Silence on Hepatitis: Where's the Leadership?
May 15, 2008
On Monday, May 19, Project Inform will join hepatitis advocates around the globe in recognizing "World Hepatitis Awareness Day." This day will highlight the severity of the hepatitis pandemic, through media campaigns, rallies, and educational events. We will also call on elected officials to take action and leadership in creating hepatitis education, prevention, diagnosis, care, and treatment programs.
In the United States, the statistics are staggering. There are an estimated 6 million people with the hepatitis B or C virus. Most Americans living with hepatitis C are unaware of their infection. Chronic viral hepatitis is the leading cause of liver cancer, now among the top 10 killers of Americans over the age of 25. In addition, around 30 percent of people living with HIV are co-infected with hepatitis C, and end-stage liver disease is now a leading cause of death for people with HIV/AIDS.
Almost everyone is affected by the hepatitis epidemic in some way and the LGBT community is no exception. My partner Gil passed away seven years ago at the age of 33 from chronic hepatitis B and liver cancer. Two of my family members are living with hepatitis C and many of my HIV-positive friends are co-infected with the virus. The disease has hit our community hard and we don't talk about it as much as we should.
Tragically, the federal response to this epidemic has been abysmal and reminiscent of the early years of HIV/AIDS. Despite repeated requests from advocates, President Bush has refused to offer a proclamation or statement recognizing even one hepatitis awareness day during his tenure. The entire federal budget for all viral hepatitis programs is a mere $17 million per year and, despite growing need, the president has called for a cut in next year's funding.
Only a handful of members of Congress have co-sponsored the Hepatitis C Epidemic Control and Prevention Act, a bill that would mount a comprehensive national testing and prevention strategy. Uninsured and underinsured people living with hepatitis B and C have no assistance with the expensive drugs and care necessary to maintain their health. Media outlets around the country have refused to air public service announcements about hepatitis C because of the stigma associated with the disease and injection drug use.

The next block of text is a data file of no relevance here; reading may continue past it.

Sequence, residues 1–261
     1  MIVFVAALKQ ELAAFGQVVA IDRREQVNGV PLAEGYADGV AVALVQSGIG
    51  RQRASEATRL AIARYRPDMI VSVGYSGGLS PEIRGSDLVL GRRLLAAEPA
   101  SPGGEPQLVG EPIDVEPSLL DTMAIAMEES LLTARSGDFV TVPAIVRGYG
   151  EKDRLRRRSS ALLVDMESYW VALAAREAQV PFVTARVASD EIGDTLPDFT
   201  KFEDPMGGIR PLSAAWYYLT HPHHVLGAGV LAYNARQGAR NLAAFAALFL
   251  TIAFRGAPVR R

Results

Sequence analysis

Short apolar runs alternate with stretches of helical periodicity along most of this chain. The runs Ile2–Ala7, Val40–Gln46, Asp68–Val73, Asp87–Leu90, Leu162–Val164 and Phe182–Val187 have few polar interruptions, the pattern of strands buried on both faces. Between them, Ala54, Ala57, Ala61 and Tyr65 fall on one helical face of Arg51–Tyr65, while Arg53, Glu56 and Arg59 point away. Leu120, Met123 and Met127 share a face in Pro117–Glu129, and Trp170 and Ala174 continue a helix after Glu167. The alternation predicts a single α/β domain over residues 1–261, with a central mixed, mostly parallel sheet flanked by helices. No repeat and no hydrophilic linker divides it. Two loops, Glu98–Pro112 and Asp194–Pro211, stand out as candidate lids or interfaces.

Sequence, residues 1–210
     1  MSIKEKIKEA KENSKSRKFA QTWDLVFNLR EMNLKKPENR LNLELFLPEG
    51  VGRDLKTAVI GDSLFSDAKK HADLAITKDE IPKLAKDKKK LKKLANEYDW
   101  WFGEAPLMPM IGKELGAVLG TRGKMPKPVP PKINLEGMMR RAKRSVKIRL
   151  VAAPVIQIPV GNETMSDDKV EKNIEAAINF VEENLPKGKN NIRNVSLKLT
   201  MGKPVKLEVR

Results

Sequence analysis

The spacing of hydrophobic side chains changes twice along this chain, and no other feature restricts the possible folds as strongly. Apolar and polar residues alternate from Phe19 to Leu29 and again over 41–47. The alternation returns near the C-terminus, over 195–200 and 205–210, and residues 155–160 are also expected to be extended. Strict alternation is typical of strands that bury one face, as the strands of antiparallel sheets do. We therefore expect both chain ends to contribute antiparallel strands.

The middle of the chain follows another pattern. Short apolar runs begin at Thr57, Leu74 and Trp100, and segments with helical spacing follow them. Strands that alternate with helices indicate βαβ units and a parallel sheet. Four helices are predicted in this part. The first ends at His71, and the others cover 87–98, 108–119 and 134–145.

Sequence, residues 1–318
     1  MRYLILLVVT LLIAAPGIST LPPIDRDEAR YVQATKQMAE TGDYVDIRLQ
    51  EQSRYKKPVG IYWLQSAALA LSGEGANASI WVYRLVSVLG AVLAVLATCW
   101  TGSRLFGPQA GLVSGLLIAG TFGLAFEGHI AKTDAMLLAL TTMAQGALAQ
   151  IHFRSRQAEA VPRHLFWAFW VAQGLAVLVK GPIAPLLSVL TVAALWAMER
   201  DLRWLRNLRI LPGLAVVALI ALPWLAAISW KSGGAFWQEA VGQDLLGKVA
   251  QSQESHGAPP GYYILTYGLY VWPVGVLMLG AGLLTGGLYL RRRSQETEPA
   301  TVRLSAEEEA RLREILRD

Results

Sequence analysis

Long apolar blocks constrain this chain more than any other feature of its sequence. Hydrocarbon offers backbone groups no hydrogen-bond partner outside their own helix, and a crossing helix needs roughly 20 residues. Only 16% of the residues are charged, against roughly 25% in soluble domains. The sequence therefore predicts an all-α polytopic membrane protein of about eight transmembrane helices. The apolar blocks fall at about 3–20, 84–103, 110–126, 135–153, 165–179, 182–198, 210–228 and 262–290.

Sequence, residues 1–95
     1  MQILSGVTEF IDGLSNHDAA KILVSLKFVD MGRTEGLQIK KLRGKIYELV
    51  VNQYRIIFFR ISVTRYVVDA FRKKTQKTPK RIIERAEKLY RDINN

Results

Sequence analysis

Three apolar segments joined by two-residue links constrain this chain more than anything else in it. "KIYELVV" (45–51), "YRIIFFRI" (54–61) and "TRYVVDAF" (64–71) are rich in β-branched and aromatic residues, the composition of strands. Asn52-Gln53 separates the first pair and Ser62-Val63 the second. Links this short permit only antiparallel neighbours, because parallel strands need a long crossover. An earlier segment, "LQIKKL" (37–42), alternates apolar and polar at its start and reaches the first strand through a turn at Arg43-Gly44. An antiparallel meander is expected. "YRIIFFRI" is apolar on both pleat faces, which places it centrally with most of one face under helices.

Does the slogan "Silence Equals Death" come to mind?
In response to this failed leadership and the devastating impact of the disease, Project Inform is actively engaged in hepatitis advocacy, with a strong focus on hepatitis C. We have partnered with advocates around the country to demand more federal funding and a comprehensive plan to fight the epidemic.
As a member of the California Hepatitis Alliance, a statewide advocacy coalition working to improve California's response to hepatitis B and hepatitis C, we are working at the state level as well. We strongly support Assemblywoman Fiona Ma's (D-San Francisco) tireless efforts to fight hepatitis B and legislation recently introduced by Assemblyman Mervyn Dymally (D-Compton) that would require California to create a strategic viral hepatitis plan.
We also work closely with some amazing local hepatitis advocates -- including representatives from the American Liver Foundation, the Drug Policy Alliance, City College of San Francisco, Asian and Pacific Islander Wellness Center, and the Hepatitis C Support Project. Our team has worked with Mayor Gavin Newsom's office to recognize Hepatitis Awareness Day in San Francisco and will advocate for the city to serve as a model in providing hepatitis education, prevention, care, and treatment services.
We have brought our extensive grassroots organizing experience to the national hepatitis C movement. Last year, we co-founded Hepatitis C Advocates United, the first national grassroots network focused on urging the federal government to take action against the disease. This network, now over 300 members strong, has brought together people living with hepatitis C, service providers, and other advocates to create grassroots strategies aimed at convincing Congress and the Bush administration to provide funding and legislation needed to combat the epidemic. The group is participating in World Hepatitis Awareness Day by organizing people to call Congress on May 19 to demand action on fighting the disease.
You can be a part of this important awareness day by making a few phone calls or sending a few e-mails. Ask House Speaker Nancy Pelosi (D-San Francisco) to prioritize increased hepatitis funding in next year's spending bill. Urge Senator Dianne Feinstein (D-California) to co-sponsor the Hepatitis C Epidemic Control and Prevention Act. Thank Senator Barbara Boxer (D-California) for co-sponsoring the bill and ask her to be the Senate's champion on all viral hepatitis issues. Thank Ma for her leadership at the state level and ask how you can help.
To learn more about World Hepatitis Awareness Day, go to www.aminumber12.org.
For more information about getting involved in hepatitis advocacy, contact Ryan Clary at 415-558-8669, x224 or by email.
Ryan Clary is Director of Public Policy for Project Inform.
This article was provided by Project Inform. Visit Project Inform's website to find out more about their activities, publications and services.
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